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  • CISOs still struggle for respect from peers

    Chief information security officers (CISOs) continue to have a hard time gaining the respect of other C-suite executives despite the heightened focus overall on information security.

  • University researchers develop glasses-free display

    Fumbling around for your near-vision glasses to read the tablet screen? University researchers may have come up with a way to alleviate that problem.

  • Tor hints at possible U.S. government involvement in recent attack

    Hackers attacked the infrastructure of Tor, the anonymizing service, earlier this month in an incident that may have compromised a number of hidden services, according to an announcement posted today by the Tor Project's director, Roger Dingledine.

  • Great privacy essay: Fourth Amendment Doctrine in the Era of Total Surveillance

    When you signed up with your ISP, or with a wireless carrier for mobile devices, if you gave it any thought at all when you signed your name on the contract, you likely didn't expect your activities to be a secret, or to be anonymous, but how about at least some degree of private? Is that reasonable? No, as the law currently suggests that as a subscriber, you "volunteer" your personal information to be shared with third-parties. Perhaps not the content of your communications, but the transactional information that tells things like times, places, phone numbers, or addresses; transactional data that paints a very clear picture of your life and for which no warrant is required.

  • IBM buys access control and identity management firm CrossIdeas

    IBM has added to its security software portfolio with the purchase of Italian access control and identity management firm CrossIdeas for an undisclosed sum, the companies said Thursday.

  • Hacker group targets video game companies to steal source code

    A group of attackers with links to the Chinese hacking underground has been targeting companies from the entertainment and video game industries for years with the goal of stealing source code.

  • Xbox One's high price in China draws complaints, but likely buyers too

    Microsoft's Xbox One is poised to be the first foreign game console to debut in China, but as the local pricing was announced on Wednesday -- $200 more than in the U.S. -- would-be customers made their displeasure known online.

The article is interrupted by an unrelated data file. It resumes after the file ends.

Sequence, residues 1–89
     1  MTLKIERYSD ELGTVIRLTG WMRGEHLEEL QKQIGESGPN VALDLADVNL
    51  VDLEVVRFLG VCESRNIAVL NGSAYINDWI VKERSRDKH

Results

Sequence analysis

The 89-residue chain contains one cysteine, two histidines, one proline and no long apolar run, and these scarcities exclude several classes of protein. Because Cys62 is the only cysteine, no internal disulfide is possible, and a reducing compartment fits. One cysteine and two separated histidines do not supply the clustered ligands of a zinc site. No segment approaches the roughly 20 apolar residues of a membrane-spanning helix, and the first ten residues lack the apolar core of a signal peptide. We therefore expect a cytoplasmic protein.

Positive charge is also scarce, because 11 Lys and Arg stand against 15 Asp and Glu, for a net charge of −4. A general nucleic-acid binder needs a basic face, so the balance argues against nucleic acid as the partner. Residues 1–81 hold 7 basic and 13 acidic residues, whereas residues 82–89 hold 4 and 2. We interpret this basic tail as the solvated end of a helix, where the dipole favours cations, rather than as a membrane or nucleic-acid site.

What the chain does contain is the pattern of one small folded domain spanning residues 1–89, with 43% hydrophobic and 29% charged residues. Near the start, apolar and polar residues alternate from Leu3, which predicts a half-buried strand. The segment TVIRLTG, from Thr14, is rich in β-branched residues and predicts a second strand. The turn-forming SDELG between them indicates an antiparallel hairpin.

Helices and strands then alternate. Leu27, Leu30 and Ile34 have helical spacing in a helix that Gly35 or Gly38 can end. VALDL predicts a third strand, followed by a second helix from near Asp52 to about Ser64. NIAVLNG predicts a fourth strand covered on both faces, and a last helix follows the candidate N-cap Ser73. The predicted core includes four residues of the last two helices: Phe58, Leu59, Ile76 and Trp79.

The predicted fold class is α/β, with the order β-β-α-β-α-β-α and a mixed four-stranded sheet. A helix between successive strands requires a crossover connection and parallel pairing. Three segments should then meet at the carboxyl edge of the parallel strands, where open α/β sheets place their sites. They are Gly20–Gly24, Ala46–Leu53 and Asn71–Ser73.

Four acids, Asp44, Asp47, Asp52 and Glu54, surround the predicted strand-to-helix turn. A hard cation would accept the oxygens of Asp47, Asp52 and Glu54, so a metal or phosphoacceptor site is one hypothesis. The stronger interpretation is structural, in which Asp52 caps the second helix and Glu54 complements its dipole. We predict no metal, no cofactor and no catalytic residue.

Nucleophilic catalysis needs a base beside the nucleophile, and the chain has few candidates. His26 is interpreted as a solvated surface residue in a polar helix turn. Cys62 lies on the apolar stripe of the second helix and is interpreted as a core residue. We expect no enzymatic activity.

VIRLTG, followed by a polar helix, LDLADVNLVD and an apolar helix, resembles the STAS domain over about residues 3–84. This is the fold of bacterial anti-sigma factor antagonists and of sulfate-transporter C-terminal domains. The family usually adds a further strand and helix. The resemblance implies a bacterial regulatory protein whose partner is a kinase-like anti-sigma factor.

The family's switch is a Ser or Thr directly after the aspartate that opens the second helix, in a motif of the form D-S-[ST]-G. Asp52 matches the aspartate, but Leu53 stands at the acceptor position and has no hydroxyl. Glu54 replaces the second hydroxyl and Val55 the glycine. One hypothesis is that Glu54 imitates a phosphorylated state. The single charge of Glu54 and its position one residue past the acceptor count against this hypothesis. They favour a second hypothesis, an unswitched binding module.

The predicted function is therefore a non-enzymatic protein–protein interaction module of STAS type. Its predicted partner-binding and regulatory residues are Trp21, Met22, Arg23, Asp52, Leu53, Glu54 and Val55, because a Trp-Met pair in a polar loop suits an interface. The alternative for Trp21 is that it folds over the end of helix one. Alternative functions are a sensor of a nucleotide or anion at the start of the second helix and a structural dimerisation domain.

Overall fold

• In a hyper-social world, some seek a little privacy

    After years of cajoling their users into sharing every thought, emotion and selfie, online firms are seeing that providing more private online spaces might also be profitable.

  • Electoral commission cautions against rush to e-voting

    The Australian Electoral Commission has cautioned a parliamentary inquiry about rushing to implement a federal electronic voting scheme.

  • Stanford surgical students set sights on Google Glass

    Stanford University's medical school plans to start using Google's wearable computer, Glass, to help train students in surgery.

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    Cheers and jeers over anti-piracy laws

    Federal government proposals to amend copyright laws have drawn support from rights holders and copyright organisations but some aspects of the enforcement regime outlined in a discussion paper released yesterday have raised concerns among ISPs and consumer advocates.

  • No patch yet for zero day in Symantec Endpoint Protection software driver

    A zero-day flaw in a software driver in Symantec's widely used Endpoint Protection product may be tricky to fix.

  • Oracle-based system for US visas still glitchy after software update

    There's no immediate end in sight to trouble that has hit the U.S. State Department's computer system for processing visa applications and caused problems for thousands of people worldwide.

  • Tor hints at possible U.S. government involvement in recent attack

    Hackers attacked the infrastructure of Tor, the anonymizing service, earlier this month in an incident that may have compromised a number of hidden services, according to an announcement posted today by the Tor Project's director, Roger Dingledine.

  • Internet of Things devices contain high number of vulnerabilities, study finds

    A security audit of 10 popular Internet-connected devices - components of the so-called Internet of Things - identified an alarmingly high number of vulnerabilities.

  • Antivirus products riddled with security flaws, researcher says

    It's generally accepted that antivirus programs provide a necessary protection layer, but organizations should audit such products before deploying them on their systems because many of them contain serious vulnerabilities, a researcher warned.

  • 'Right to be forgotten' ruling is unworkable and misguided, UK Lords say

    The EU court ruling that gives people the "right to be forgotten" by search engines is misguided in principle and unworkable in practice, said a U.K. House of Lords subcommittee Wednesday.

  • Free movie link delivers malware payload: report

    Consumers in Australia and around the world have fallen for a social engineering link promising a free download of Transformers 4, 22 Jump Street or Maleficent.

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    Attorney-General seeks public input on anti-piracy law changes

    Attorney-General George Brandis and communications minister Malcolm Turnbull have opened a public consultation on changes to the enforcement of copyright law.

  • iPhone gets first free app for encrypting voice calls

    An open-source project has released the first free application for the iPhone that scrambles voice calls, which would thwart government surveillance or eavesdropping by hackers.